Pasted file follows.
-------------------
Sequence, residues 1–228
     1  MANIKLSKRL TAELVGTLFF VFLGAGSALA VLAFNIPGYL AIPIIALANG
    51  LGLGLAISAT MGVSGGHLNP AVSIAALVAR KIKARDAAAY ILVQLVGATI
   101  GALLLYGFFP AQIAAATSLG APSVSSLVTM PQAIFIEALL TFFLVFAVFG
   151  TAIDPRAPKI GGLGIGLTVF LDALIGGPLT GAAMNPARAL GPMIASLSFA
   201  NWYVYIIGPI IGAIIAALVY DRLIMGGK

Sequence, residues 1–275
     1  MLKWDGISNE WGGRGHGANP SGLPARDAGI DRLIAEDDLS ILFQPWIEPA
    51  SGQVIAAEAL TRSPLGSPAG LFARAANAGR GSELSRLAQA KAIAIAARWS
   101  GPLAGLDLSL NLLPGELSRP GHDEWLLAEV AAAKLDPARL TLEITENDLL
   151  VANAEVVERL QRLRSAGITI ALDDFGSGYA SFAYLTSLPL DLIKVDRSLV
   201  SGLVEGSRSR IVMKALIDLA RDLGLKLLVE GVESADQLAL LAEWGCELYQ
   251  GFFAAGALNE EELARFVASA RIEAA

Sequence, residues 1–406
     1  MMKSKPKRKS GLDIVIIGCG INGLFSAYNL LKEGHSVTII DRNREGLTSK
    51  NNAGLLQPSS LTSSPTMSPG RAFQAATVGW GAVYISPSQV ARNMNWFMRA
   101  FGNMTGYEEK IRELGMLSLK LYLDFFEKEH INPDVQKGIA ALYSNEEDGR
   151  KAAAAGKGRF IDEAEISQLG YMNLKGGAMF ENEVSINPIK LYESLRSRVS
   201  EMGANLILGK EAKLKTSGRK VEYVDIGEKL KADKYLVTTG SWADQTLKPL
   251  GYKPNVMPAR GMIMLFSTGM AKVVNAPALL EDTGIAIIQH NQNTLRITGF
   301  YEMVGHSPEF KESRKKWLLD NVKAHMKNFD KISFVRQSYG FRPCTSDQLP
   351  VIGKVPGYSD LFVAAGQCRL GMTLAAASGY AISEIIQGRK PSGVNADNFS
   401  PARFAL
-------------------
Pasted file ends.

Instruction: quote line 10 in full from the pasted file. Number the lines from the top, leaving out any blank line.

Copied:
   101  GPLAGLDLSL NLLPGELSRP GHDEWLLAEV AAAKLDPARL TLEITENDLL